15 July 2016
The much anticipated award on the South China Sea(SCS) case filed by the Philippines against China was issued by the Arbitral Tribunal at The Hague on Tuesday. While most observers had expected Manila to prevail, the tribunal’s rebuke of China still came as a surprise.
In particular, the ruling nullifies China’s claims to the waters in the SCS based on historical rights and demarcated by its controversial nine-dash line. It also threw down the gauntlet on Beijing’s behaviour in the SCS, including its island-building programme and the damage caused to the marine environment.
Passionate advocates of international law may hail the award as a significant step forward on the SCS disputes. However, reality will soon seep in after the initial euphoria dies down.
Beijing has repeatedly declared its intent to ignore the ruling, which it has characterised as “waste paper”. A possible positive outcome will be if the ruling propels subsequent bilateral talks. But regional peace and stability can slide down the path of greater uncertainty if an angry China decides to adopt an even more assertive stance in the SCS, such as continuing or even enhancing its fortification and militarisation works on occupied features.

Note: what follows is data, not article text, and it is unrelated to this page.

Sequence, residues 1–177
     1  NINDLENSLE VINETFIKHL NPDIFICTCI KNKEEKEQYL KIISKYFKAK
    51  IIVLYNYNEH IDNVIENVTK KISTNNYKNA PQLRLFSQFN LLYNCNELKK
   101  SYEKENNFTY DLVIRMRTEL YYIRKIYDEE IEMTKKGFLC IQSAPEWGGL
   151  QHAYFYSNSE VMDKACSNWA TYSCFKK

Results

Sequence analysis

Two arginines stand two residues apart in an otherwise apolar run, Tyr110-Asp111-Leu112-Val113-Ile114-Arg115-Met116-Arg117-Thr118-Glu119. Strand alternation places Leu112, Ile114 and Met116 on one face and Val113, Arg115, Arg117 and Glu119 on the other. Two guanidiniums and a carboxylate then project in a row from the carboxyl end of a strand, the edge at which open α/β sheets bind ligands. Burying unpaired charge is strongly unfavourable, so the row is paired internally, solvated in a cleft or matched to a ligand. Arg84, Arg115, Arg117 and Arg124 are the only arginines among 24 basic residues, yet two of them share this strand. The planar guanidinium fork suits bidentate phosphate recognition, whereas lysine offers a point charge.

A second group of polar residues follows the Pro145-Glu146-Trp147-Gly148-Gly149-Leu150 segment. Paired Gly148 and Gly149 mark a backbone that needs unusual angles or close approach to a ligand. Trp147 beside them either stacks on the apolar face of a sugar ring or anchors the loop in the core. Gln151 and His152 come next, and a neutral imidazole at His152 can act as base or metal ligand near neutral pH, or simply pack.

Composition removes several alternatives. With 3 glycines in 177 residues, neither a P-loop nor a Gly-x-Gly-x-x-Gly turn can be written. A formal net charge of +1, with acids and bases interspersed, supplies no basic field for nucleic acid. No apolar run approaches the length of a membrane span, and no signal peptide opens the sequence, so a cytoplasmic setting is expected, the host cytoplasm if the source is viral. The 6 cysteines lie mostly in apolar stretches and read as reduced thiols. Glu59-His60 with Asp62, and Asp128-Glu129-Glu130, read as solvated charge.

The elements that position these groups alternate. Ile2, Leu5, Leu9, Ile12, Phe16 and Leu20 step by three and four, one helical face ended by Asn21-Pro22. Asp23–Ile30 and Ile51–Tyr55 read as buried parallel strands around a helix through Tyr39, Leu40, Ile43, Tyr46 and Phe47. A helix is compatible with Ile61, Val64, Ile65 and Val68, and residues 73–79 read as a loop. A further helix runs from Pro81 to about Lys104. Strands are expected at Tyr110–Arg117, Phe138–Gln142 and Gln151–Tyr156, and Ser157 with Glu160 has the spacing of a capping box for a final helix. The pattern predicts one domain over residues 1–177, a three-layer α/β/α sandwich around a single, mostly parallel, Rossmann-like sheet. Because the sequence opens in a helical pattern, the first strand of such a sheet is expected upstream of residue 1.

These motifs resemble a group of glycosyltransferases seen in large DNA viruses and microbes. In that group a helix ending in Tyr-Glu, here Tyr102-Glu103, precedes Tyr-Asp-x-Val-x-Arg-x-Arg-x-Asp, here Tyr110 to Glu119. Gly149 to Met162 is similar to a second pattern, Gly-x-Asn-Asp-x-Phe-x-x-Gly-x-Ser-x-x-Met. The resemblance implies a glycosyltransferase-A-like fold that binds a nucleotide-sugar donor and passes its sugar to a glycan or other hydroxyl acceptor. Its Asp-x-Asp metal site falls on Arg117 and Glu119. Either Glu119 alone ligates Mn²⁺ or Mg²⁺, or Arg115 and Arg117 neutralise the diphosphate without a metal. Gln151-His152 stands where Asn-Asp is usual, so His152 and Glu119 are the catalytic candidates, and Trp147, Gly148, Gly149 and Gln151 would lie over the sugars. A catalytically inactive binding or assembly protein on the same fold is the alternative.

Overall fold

Beyond the near-term rhetoric and actions that the respective parties might undertake, the ruling could also have other far-ranging ramifications. This arbitration case would have prompted Beijing to reconsider its longer-term strategic position, especially as it strives towards what it considers as its “rightful place” in the world.
… Angela Poh is a PhD candidate at the S. Rajaratnam School of International Studies (RSIS), Nanyang Technological University. Collin Koh is a Research Fellow at the Maritime Security Programme, RSIS.
GPO / IDSS / Online / Print
Last updated on 15/07/2016